As is usual of these reviews, I’m not even going to try to provide a blow by blow description of the course – the usual “Race Brain” kicks in, and crawls merge with stairs merge with walls and things get confusing.

The obstacles of Fenway were very similar to the 2012 obstacles, and if you’ve ran a lot of stadium events, likely similar to the obstacles you’ve seen at each stadium. The venue is used to it’s maximum, and during your run you do everything from stair cases and concrete landings, the stairs in the seating area’s, the visitor locker rooms, the concourse and player parking lot – then the warmup track to finish the race off, running right past the green monster and into the gladiators.Credit: Aaron Farb

As I mentioned in my 2012 review – Stadium races are very much what you would expect if Spartan Race collided with Crossfit – many of the obstacles and challenges are functional fitness staples – from hand release pushups in the visitor locker room, to 500m rows in 2mins, rope climbs, atlas stones, 25lb slam balls and 2″ thick heavy jump ropes – these are all things you would see in a Crossfit or other functional fitness / HIIT facility, and a welcome break to the usual rolling mud or mountain climbs.

Of course, without Spartan Race staples, we’d be bored – so there were plenty of walls to get over – from the 6′ wall just to get into the starting coral, several over/under/through walls, a series of 5′ walls and a couple of good sized 7′ and 8′ walls. We also had a nice and challenging set of monkey bars, designed especially for stadiums, a big cargo net, traverse walls and the Spartan favorite spear throw – something I had been practicing since making my own spears – yet come race day, I still fluffed this one twice and ended up with burpees I shouldn’t have had to do! The herculean hoist was back, and seemed on the heavier side (maybe as much as the NJ Super?)

There were stations that seem a little out of place. I’m not sure what benefit the box jumps right at in front of the finish line serve, as they felt like a bottle neck again this year, and I had to wait for a spot for a while during the early afternoon time frame. I’m not a fan of putting body weight workouts in the middle of a high quality OCR, as it’s something we tend to beat up on the wannabe race series over. I was very glad to see the fairly pointless ball throw gone – it may have been fun, and I now have a souvenir Spartan Race baseball to show for it, but as a challenge in an OCR? Glad the carnival games have gone.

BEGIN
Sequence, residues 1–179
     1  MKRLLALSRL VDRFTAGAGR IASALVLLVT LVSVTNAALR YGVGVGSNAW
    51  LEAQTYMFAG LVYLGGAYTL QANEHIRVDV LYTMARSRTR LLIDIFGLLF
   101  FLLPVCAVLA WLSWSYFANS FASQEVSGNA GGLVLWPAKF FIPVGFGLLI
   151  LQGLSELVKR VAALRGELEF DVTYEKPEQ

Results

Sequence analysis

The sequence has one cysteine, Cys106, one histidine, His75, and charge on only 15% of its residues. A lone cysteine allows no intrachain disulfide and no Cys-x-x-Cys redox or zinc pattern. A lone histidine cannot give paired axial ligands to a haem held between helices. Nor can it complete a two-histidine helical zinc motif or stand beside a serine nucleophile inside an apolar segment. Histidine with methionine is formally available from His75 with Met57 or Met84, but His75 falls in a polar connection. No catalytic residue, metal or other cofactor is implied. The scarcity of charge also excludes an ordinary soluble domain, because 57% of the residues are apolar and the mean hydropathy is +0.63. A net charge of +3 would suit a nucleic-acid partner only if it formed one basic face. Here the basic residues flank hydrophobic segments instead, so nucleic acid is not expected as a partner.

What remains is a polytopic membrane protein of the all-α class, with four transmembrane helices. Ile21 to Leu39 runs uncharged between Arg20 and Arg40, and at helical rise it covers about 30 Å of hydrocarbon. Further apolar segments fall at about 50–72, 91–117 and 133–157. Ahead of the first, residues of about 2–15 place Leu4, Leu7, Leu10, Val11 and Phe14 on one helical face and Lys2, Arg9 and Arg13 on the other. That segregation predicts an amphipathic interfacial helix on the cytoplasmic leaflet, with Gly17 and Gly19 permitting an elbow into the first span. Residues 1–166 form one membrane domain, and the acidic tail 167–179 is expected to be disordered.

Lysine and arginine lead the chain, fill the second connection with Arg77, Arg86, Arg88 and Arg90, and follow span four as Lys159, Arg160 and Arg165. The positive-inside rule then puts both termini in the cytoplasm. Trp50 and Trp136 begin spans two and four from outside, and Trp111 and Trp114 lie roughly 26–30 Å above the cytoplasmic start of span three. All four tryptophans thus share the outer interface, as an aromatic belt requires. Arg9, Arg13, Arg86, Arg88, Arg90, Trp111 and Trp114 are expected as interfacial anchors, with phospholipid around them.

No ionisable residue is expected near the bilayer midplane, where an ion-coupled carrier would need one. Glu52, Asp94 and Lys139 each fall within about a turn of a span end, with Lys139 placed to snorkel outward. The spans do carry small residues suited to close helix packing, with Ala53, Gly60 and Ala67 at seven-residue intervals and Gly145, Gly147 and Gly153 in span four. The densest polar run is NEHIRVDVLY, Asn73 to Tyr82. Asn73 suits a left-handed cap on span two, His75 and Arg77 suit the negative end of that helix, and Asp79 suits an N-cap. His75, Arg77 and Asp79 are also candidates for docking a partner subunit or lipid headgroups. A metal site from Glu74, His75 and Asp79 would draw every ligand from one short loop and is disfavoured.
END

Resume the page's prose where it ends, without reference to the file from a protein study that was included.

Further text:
For me personally, my first lap with the team was about seeing Beth complete Fenway, and earn her medal. She didn’t have a good race last year, so there was a level of redemption involved, and with a finish around 1h 18min, she got that in spades – and maybe even had fun 🙂 I let my dear old Dad beat me this time – he was looking to beat his 2nd place spot in his age group (of four) from 2012 – and at time of writing, he doesn’t show in the results.

After our first lap – we picked up our bags, changed into less sweaty and stinky gear and went out as a smaller team for food and drink. Due to the recent demise of Ruckus Sports, Spartan had offered the “Ruckus Refugees” a free lap of Fenway in the 6pm heat, which we planned to take good advantage of. We killed time eating, drinking and taking Corrine’s comments as out of context as we possibly could, then a much smaller (and fuller) team met for the 6pm wave.

While my time was quicker – I hoped for under and hour, and got 51mins in the end – I can now confirm that running after two beers, a fish, chips and mushy pea’s dinner from the Lansdowne Pub is not the brightest idea in the world. I know you were all wondering, and I can now confirm it for you. You’re welcome. With shot arms, I came off the monkey bars, missed the stupid spear throw *again*, and nearly had second thoughts about the 8′ wall at the end, but did nail it once I got out of my own head a little bit.

Credit: Rachel WeissSo – was the 2013 Fenway Spartan Race a success? Yes. From a racers perspective, the venue was unique enough that the challenges of space, parking and cost (of beer, at $8.75???) don’t really detract. The course was a unique experience, and I can only bet that the number of new racers who came out simply due to the venue along was dramatically different to a regular Sprint, and they were introduced to a Spartan Race in a very cool way that was accessible to pretty much everyone – despite their fitness levels. I definitely saw both ends of the spectrum out there, walking the stairs and jumping the ropes. As is typical, the quality of the obstacles was top notch – the bottlenecks, while there, were minimal, and the quality of the venue (layout, logistics) was high. There were disappointments – from the biggest team support, to the generic finishers shirt (and low quantities of unique venue shirts at the Merch tent – buy those EARLY in the day, folks!), and a medal that was in very generic “sprint red”, with only a lanyard and embossment on the backside to differentiate. Those things are easy improvements that Spartan has heard all about before.